FORT DRUM, N.Y. -- During his first visit to Fort Drum since being confirmed as the 23rd secretary of the Army, Dr. Mark T. Esper hosted a town hall event March 29 where he answered questions from 10th Mountain Division (LI) Soldiers on topics ranging from equipment procurement to growing the Army and training requirements.

Esper said that his top three priorities as Army secretary are readiness, modernization, and reform. He addressed these priorities at the AUSA Global Force Symposium on March 26 in Huntsville, Alabama, where he emphasized that modernization will include acquisition reform so that new weapons and capabilities will get into the hands of Soldiers faster and at less cost.

"There are two other things that I've identified that I call enduring priorities," he said. "They're unchanging, they're built into the fabric of our Army. I know that during my 21 years of service, and I know in your time of service, they are very important."

The first is a commitment to take care of Soldiers, their Families and Department of the Army Civilians and to ensure that all have the quality of life they deserve. Second, Esper asked for a recommitment to the Army Values.

"Those are the themes that I emphasize whenever I talk to folks, and I've tried to spend a lot of time on the road, reacquainting myself with the Army and reassessing," he said.

One noncommissioned officer asked Esper what can be done to eliminate some of the mandatory online training that impedes Soldiers from conducting other warfighting training. Esper said that training reforms will address that and any additional duties that aren't related to increasing readiness and lethality.

"I'm a big believer that we need to re-empower junior leaders, particularly NCOs, to lead, coach and train our Soldiers," he said. "The way we do that is we start lifting things off your back -- starting with a lot of that mandatory training that is not required by law -- and put you in charge of your Soldiers. Then you determine how frequently you conduct this training or that training, its duration and how you do it."

Esper said that his training philosophy is to get offline, out of the room and into the field as often as possible.

When asked how the Army is bolstering relationships with its allies, Esper said that is evident within the 10th Mountain Division (LI). Earlier, he met with Soldiers from 1st Battalion, 32nd Infantry Regiment, 1st Brigade Combat Team, who recently returned from a deployment to Africa. Esper said that their joint training with international partners both strengthens bonds and serves as a deterrent to adversaries in that country and around the world.

On the question of changing physical training requirements, Esper said that the decision to move away from the traditional Army Physical Fitness Test to a new Army Combat Readiness Test will be made in the coming weeks. If approved, Esper said the transition will be gradual so Soldiers have the proper training and equipment in place. The ACRT tests muscular strength, power and endurance with events to include a three-repetition dead lift, a medicine ball throw and two-mile run.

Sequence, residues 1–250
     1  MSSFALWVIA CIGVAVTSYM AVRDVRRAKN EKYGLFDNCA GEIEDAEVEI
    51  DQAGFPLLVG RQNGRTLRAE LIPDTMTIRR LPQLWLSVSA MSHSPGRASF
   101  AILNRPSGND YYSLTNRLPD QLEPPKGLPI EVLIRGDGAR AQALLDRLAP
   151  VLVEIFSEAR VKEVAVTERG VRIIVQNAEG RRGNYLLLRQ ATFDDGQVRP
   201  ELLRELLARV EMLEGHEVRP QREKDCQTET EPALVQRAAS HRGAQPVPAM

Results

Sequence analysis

Esper said that trainers, physical therapists and nutritionists across the battalions will educate Soldiers about preventing injuries.

"It's not as simple as just changing the test," he said. "We want to make sure you have time to transition to the test and time to train safely. We also want to make sure the equipment is deployable."

He mentioned that his morning began with a PT session with Soldiers from 2nd Brigade, 22nd Infantry Regiment, 1st Brigade Combat Team that included heavy ropes, heavy dumbbell presses and other functional fitness movement.

"You have some great facilities, and that's kind of a model of what we're looking at," he said.

Esper's visit to Fort Drum was also highlighted by a rappelling demonstration at the Light Fighters School and a discussion on the new winter warfare gear issued to Soldiers, as well as new winter survival training that was introduced last year when Fort Drum was re-designated as an Arctic Zone base.

Esper said that the 10th Mountain Division is focused on his top priority -- readiness -- and having the chance to tour the post showed him why this division is important to the Army.

"To me, it's been a real privilege to come up here to Fort Drum," he said. "The 10th Mountain has played a forefront in the Army's role in Iraq, Afghanistan and, naturally, all around the world, so it's a great chance to see these great Soldiers and find out what they're doing."